The Climate and Health Interdisciplinary Research Programme (CHIRP) at Leeds is based in the Priestly International Centre for Climate at the University of Leeds. CHIRP@LEEDS is a joint collaboration across the climate and global health themes, and partners the Leeds School of Earth and Environment, and the Leeds Institute for Health Sciences, including the Nuffield Centre for Global Health and Development. Led by Professor Lea Berrang-Ford, the programme integrates interdisciplinary expertise across Leeds faculties, including strengths in public health, epidemiology, medicine, engineering, climate science, nutrition, and geography.
IHACC student Sierra Clark received one of two Norman Bethune Awards for Global Health at Global Health Night on November 3rd. Sierra's current research examines cardiovascular impacts of indoor air pollution and success of improved cook stove interventions to reduce exposure. This award will help Sierra to conduct field research in rural areas of China. Congratulations Sierra!
Established in 2015, the Dr. Norman Bethune award is awarded annually to a McGill Graduate Student or Postdoctoral Fellow (Faculty of Medicine) to support travel for research projects or clinical electives in a low-resource (international or northern Canada) setting. Dr. Norman Bethune (a Royal Victoria Hospital physician) was known due to his selfless acts to bring modern medicine to rural China in the midst of the Second Sino-Japanese war. Current students dedicated to making an impact in the global health are encouraged to apply for this prestigious award.
November 5-7th lab members Margot Charette and Sarah MacVicar attended the Canadian Conference on Global Health here in Montreal. They each presented posters on their master's research with IHACC, Margot on her study of environmental drivers of dengue in Ucayali, Peru, and Sarah on her modelling of the effects of weather on birth size in Kanungu District, Uganda. University of Guelph IHACC affiliates Kaitlin Patterson and Rebecca Wolff also had posters on display at the conference, with Rebecca’s winning the conference prize for “Best Contribution to Global Health”.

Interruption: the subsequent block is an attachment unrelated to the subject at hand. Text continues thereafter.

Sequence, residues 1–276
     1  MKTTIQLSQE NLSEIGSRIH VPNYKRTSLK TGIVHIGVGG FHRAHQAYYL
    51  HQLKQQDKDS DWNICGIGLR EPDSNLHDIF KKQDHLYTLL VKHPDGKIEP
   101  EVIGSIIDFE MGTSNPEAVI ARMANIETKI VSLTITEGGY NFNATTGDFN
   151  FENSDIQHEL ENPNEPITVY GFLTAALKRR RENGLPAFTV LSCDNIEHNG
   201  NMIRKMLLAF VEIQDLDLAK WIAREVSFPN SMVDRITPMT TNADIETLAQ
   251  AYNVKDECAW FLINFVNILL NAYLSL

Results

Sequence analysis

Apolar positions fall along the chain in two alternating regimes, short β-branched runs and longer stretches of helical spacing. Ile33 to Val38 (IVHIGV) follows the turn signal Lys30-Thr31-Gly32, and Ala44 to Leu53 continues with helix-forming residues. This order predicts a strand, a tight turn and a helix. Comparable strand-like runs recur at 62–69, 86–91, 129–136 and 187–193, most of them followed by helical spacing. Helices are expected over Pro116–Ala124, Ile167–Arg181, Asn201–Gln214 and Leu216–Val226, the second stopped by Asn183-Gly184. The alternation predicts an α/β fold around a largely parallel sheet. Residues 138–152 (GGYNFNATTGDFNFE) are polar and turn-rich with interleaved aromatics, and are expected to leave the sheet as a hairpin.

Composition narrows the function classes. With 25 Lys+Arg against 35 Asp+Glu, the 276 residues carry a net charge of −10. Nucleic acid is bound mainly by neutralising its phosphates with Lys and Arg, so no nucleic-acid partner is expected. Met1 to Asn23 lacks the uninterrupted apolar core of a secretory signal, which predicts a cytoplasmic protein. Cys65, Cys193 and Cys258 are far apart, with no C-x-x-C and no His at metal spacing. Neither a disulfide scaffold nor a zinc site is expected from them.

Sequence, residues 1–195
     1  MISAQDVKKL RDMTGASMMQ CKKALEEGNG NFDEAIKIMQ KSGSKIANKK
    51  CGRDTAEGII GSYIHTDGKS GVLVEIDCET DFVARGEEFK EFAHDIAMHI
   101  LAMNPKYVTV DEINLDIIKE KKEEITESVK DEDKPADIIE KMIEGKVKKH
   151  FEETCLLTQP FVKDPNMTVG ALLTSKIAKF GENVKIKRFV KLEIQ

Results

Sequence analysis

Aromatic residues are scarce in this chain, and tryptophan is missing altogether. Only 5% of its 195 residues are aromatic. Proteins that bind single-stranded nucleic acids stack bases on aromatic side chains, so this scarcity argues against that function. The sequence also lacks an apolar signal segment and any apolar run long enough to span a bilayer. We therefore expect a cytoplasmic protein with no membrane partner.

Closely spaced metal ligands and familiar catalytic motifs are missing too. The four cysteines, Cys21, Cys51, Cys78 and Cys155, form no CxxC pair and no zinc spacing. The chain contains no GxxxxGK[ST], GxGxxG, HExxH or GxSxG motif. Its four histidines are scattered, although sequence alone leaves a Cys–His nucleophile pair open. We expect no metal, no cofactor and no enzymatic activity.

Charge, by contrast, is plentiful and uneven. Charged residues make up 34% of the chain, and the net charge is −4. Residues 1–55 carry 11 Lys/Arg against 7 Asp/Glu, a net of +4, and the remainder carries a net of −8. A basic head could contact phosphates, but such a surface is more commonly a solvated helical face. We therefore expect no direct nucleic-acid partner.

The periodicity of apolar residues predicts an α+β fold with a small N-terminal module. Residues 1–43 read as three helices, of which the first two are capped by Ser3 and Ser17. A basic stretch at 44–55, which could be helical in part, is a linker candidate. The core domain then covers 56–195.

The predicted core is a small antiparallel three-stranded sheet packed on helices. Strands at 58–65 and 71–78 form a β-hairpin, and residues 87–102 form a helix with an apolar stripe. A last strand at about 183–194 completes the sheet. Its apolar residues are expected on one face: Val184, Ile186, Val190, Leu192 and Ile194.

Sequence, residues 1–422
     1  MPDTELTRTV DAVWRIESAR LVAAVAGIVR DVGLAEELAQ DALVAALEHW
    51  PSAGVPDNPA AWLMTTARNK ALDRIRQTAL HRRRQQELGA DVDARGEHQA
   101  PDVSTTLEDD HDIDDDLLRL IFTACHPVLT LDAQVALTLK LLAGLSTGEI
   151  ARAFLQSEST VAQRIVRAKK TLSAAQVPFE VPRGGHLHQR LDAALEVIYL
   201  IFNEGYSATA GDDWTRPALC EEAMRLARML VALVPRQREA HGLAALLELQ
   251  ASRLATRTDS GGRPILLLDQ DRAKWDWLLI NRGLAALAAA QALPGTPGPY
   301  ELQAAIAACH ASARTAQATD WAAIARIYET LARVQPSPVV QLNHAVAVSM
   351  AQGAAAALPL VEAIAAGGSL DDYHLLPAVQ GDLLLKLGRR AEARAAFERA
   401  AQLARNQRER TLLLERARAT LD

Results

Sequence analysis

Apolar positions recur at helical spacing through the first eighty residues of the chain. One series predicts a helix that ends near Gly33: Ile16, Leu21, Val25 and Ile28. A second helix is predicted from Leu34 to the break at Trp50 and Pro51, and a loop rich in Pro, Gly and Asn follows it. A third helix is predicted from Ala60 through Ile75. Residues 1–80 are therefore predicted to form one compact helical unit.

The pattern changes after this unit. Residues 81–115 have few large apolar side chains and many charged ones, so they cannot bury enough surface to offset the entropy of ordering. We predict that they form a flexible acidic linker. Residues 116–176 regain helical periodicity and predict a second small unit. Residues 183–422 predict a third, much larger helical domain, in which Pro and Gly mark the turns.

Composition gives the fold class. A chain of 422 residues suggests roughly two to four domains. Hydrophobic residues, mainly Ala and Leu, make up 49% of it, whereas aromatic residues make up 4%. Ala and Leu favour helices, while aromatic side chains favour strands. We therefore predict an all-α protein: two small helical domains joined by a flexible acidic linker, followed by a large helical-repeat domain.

Margot's innovative poster was rewarded with the Hillman Prize for Best Student Poster. Congratulations Margot!
The conference theme this year was on capacity building, which is high relevant to IHACC's work around the world. Here are some of Sarah's reflections on the event:
Our three days at this year’s Canadian Conference on Global Health have left us overflowing with new ideas and inspired by the energy, enthusiasm and commitment of all delegates. Though we may differ in roles and approaches, it was clear that everyone at the conference was working towards a common goal: building a future with better health for all.
Some of the most powerful sessions of the conference were those examining ethical practices and power dynamics in global health. These sessions posed some of the most challenging questions we face as researchers: how do we build authentic partnerships? How can we challenge the false dichotomy dividing North from South? What can we do in our everyday practice to decolonize the academy?
There is a large appetite for these conversations: the workshop on power, privilege, and inclusion in global health saw some of the highest attendance and engagement of the entire conference. I am hopeful that these discussions will become a central theme in future conferences as we learn to better evaluate our motives and methods. Keeping this in mind is essential to ensure that not only are we “doing no harm”, but that we are promoting resilience, autonomy, and local capacity in all that we do.